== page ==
During the session, he spoke about the use of “boosters” to reset the forgetting curve and reinforce memory through the ‘2+2+2’ method. This method suggests that asking learners meaningful questions that requires them to recall information after two days, two weeks, and two months. How exactly does this work? According to Kone’s research,

  • Recalling information anywhere between 5 seconds and 5 minutes is equally effective in terms of retention of information
  • Effortful recall is key to boosting. When our brains are forced to recall information, the brain tags it as important enough to keep
  • Regardless of whether the learner is right or wrong, what matters most is the feedback that’s given afterward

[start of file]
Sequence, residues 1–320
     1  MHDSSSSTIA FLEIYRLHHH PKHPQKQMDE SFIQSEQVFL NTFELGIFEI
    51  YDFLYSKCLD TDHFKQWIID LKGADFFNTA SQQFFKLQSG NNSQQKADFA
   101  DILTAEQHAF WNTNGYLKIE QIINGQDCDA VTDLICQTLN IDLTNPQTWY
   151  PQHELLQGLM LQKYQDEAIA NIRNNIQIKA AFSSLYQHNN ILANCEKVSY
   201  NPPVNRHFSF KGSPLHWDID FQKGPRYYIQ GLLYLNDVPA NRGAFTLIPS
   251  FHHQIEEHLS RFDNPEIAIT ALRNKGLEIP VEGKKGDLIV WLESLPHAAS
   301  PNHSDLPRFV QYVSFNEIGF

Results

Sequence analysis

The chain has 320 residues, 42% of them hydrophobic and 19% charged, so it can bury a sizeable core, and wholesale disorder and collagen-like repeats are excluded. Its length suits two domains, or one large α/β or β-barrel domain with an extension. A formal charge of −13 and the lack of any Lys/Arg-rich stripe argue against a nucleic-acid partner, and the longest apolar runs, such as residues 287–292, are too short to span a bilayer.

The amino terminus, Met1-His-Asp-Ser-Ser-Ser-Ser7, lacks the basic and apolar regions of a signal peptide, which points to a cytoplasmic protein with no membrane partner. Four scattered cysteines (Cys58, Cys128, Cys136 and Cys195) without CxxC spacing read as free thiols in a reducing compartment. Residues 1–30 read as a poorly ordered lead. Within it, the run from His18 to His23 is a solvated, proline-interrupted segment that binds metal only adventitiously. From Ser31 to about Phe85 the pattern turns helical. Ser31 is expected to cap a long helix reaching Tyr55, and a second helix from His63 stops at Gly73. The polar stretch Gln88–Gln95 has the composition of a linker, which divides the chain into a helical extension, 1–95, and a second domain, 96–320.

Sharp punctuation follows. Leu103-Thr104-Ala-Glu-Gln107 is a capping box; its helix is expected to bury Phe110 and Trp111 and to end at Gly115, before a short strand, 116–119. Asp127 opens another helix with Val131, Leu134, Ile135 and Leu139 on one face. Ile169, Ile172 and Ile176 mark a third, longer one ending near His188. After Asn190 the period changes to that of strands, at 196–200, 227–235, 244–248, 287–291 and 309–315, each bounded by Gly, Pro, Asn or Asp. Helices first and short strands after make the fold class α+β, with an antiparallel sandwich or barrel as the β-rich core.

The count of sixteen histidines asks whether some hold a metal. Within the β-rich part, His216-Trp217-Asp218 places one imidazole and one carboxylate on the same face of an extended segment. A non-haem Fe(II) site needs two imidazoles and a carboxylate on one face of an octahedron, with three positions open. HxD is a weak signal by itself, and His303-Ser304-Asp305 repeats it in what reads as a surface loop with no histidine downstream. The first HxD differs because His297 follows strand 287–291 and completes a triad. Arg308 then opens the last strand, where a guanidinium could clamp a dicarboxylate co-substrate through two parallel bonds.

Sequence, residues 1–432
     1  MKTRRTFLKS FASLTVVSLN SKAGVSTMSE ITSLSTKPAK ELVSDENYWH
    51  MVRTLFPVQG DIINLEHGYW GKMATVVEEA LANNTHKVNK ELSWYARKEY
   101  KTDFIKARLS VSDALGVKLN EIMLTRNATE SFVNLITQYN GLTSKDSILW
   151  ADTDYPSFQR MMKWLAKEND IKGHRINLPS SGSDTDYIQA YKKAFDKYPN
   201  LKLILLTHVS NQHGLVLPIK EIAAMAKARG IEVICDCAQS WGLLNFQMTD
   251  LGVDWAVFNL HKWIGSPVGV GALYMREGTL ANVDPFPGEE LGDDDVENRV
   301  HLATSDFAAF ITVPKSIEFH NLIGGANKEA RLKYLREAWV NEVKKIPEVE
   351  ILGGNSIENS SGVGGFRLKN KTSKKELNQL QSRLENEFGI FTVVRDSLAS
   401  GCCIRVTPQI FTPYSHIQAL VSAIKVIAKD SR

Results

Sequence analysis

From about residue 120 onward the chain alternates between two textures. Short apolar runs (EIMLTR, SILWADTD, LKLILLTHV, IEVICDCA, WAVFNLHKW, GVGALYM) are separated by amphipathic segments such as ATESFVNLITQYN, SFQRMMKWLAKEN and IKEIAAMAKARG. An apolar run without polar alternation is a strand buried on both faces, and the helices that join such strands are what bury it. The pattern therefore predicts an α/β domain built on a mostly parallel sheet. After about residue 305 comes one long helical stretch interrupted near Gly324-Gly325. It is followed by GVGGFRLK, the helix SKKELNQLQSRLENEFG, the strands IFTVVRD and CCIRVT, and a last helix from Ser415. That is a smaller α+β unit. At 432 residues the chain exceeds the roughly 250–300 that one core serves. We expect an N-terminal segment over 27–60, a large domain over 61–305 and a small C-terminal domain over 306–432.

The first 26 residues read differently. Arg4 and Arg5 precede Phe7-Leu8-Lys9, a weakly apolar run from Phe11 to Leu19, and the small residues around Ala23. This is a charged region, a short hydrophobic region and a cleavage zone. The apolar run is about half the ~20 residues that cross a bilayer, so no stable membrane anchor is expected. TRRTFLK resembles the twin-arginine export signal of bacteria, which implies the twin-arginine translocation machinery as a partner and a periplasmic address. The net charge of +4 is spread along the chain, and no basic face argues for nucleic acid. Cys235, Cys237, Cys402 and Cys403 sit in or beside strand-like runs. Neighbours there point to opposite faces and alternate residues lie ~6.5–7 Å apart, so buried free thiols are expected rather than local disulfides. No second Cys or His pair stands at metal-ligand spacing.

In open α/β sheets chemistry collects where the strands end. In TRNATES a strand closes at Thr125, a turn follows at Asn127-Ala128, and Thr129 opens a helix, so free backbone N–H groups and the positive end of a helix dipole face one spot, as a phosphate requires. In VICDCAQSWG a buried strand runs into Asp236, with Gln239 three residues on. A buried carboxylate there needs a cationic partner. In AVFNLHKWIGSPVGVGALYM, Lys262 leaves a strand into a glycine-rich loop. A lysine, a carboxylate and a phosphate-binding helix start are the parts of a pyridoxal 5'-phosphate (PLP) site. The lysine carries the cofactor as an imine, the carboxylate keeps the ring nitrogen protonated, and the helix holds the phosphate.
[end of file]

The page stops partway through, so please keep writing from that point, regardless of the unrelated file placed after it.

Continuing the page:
• Social reinforcement and collaboration are great boosting tactics. When learners engage with one another to discuss what they’ve learned, this peer-to-peer learning reinforces memory and can spur new ideas. 

Art Kohn closed his session with a powerful quote –

“If you deliver training and don’t reinforce it, you’re committing training malpractice.”

We couldn’t agree more.

Leadership Development – Are you part of the 7%?

According to a recent Fortune survey, only 7% of Fortune 500 CEOs believe that their organization is building effective global leaders and only 10% believe their leadership development initiatives have a clear impact. With the constant changing and evolution of technology, the way we work and the way we live has changed. Organizations need to rethink how they develop leaders at all levels in order to prepare them for organizational change, otherwise, they face an existential threat, similar to what happened to Blockbuster and Borders. Remember them?